Like many game designers, Chandana Ekanayake maintains a large document full of potential concepts, one that he constantly updates as ideas come to him. One of the most difficult things is the concept of being a falconer: have a bird that you can train and care for, while working together to solve problems. "I thought the idea of having a hawk as a mechanic might be interesting," he says.
Then, when Ekanayake created Outerloop Games and began exploring ideas for the first game of the study, the concept of bird came before. He put together a scrappy prototype using prefabricated assets, and was struck by the sensation of seeing the bird fly, only to return and rest on his arm when he calls. The effect was particularly pronounced in virtual reality. "Seeing the bird at a distance, even from the beginning, with really bad assets, that change of scale was a moment" Wow "for the people," he says. "So now we had to find out what the game was."
The result is Falcon Age which was released this week on the PlayStation 4 and PSVR. (You can play the game both in VR and in a normal TV). What started as a basic prototype has become a surprisingly emotional adventure. The link with the bird is still the core of the experience; in fact, Falcon Age has won a cult of followers on Twitter thanks to a constant flow of adorable gifs, with falcons giving blows of fists or making drawings in a notebook. However, below that, the game tells a powerful story about a group that fights oppressive colonizers.
"We put you with the bird," says Ekanayake, "and we continue with the story."
Falcon Age begins with your character, a young woman named Ara, in a prison labor camp. A scared robot guides you through the same routine every day, which starts with a series of questions about compliance and ends with the extraction of minerals in hard work. Then, one day, just outside the window of his cell, he sees a hawk fighting with an unmanned airplane and in the battle that follows, a little bird ends up in his cell. Ara takes care of the bird so that it recovers its health and trains it to follow and hunt it. Eventually, the two escape from prison and meet Ara's aunt, who turns out to be a great falconer. His aunt not only helps guide Ara on the road to falconry, but also shows how his budding skills can help in the war against the colonizing robotic force.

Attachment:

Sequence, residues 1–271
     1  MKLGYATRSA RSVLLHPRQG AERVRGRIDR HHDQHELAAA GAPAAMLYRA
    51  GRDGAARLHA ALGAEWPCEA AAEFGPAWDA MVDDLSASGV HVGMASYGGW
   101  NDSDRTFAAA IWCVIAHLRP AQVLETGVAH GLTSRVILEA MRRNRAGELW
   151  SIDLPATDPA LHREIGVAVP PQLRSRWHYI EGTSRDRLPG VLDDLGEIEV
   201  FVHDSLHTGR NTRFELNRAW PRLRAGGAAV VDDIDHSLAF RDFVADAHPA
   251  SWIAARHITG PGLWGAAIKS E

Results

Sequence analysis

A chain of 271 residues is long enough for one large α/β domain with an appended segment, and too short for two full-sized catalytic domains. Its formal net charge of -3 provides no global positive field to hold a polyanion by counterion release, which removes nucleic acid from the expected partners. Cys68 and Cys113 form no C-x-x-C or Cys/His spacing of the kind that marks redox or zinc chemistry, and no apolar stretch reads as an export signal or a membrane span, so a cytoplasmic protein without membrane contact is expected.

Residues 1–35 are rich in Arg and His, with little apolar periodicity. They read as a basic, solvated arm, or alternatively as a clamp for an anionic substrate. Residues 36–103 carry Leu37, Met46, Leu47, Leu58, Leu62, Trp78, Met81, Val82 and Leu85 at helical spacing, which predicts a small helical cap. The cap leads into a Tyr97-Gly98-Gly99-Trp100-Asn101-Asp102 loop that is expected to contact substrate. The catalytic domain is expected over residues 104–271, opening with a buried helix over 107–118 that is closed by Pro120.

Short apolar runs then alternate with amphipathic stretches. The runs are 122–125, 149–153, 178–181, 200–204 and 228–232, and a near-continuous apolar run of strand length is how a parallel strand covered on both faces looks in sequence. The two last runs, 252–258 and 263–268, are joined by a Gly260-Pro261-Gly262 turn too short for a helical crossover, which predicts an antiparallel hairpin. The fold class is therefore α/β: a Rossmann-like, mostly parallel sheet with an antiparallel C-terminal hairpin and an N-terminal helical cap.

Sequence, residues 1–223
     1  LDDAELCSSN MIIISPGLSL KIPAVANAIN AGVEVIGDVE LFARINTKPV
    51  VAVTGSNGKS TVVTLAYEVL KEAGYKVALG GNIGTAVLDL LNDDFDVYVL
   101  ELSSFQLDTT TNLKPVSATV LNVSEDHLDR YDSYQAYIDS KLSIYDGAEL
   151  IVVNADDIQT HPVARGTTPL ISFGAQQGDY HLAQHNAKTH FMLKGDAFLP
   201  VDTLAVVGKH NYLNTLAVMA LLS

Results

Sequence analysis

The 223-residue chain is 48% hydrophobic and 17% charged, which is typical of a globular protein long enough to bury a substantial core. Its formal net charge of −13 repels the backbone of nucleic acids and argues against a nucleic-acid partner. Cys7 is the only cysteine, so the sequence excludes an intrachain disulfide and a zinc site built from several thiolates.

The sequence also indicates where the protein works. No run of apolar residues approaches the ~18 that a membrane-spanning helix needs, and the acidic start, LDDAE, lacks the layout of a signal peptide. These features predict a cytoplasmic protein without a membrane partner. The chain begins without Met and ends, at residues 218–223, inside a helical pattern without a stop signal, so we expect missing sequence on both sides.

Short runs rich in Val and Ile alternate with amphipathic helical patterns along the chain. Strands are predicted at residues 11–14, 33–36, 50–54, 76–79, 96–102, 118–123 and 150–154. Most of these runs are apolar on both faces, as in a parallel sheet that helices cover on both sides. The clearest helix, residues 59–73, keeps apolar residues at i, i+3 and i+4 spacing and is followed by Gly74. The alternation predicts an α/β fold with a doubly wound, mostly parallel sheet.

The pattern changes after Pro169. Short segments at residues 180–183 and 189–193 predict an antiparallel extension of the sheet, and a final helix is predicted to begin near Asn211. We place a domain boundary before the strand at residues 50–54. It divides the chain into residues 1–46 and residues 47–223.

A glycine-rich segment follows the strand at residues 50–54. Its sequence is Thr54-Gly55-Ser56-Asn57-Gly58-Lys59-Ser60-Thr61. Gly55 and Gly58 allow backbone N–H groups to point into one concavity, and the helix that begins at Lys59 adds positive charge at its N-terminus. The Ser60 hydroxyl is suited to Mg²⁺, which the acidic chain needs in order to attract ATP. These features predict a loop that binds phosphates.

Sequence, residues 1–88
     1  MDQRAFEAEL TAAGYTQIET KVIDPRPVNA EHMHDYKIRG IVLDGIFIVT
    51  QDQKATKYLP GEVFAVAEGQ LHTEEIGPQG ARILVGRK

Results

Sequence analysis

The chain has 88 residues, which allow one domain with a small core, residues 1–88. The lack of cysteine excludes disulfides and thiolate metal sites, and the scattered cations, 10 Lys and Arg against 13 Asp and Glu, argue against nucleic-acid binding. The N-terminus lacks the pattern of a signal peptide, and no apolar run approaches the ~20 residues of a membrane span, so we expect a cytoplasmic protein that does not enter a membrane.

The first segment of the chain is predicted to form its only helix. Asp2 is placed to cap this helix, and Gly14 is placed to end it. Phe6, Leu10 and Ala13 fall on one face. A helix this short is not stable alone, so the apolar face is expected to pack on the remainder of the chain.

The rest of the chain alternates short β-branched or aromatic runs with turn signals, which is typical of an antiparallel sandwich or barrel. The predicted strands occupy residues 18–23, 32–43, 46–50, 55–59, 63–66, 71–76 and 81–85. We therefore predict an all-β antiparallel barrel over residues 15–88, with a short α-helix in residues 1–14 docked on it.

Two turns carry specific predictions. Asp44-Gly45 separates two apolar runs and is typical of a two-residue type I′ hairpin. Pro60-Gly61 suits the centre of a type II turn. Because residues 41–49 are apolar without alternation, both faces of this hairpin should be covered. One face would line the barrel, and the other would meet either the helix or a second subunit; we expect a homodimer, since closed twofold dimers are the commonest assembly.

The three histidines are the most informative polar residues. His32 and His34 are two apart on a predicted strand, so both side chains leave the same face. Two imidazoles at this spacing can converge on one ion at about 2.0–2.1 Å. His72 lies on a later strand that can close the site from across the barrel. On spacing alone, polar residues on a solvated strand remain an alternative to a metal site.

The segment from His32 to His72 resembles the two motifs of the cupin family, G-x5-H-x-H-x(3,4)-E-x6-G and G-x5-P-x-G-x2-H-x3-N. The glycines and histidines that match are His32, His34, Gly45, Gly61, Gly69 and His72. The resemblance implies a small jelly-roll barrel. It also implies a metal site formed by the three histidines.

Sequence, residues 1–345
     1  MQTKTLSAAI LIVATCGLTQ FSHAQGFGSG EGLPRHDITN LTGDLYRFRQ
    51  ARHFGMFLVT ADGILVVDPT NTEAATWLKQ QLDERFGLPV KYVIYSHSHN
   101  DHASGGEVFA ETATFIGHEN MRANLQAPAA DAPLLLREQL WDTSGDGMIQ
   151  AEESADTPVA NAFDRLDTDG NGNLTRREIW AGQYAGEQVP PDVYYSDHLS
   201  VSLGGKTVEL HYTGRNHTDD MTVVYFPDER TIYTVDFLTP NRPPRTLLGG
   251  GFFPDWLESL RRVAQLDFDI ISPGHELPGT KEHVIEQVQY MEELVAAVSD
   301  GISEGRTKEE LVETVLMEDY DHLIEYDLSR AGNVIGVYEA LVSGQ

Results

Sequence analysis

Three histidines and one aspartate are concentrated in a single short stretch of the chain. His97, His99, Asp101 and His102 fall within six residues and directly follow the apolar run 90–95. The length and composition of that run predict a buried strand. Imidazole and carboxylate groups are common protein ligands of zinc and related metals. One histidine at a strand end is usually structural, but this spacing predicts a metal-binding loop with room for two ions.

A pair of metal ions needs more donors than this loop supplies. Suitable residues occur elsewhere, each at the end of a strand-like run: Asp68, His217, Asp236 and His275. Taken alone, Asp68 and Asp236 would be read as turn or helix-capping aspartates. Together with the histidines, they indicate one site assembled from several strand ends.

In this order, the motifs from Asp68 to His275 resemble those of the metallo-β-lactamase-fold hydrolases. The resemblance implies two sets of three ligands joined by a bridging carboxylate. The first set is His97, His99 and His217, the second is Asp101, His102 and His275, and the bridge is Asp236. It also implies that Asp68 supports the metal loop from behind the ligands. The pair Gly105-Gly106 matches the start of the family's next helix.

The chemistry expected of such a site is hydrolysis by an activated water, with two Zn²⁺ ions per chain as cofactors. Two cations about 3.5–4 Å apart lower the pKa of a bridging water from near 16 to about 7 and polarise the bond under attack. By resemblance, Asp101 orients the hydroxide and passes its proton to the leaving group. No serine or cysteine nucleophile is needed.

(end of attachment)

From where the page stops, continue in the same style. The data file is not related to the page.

It works pretty well as a standard game, but Falcon Age really comes alive in virtual reality. It is surprising that your bird companion looks at you directly, and the various interactions feel much more attractive when you are using your body. You can grab treats and feed them, and hold a PlayStation Move controller on your face to mimic a whistle and call it. Things also get a little silly: you can dress the bird with hats and scarves, and there is a special article that transforms the adult bird into a cute baby. These happy moments are important in a game with such a serious story. "I wanted to make sure that this balance existed," says Ekanayake.
Throughout the development, the team focused mainly on promoting the appearance of the birds of Falcon Age ; You do not have to go far to find adorable hawk gifs in a hat or in shaking hands. Along the way, they have discovered a large community of bird fanatics who did not even know it existed. In fact, the falconer with whom they worked approached them after seeing the game announced in PAX. It was not a great pre-planned marketing plan, but the game seems to have touched a nerve.
"Now many bird lovers follow me," says Ekanayake.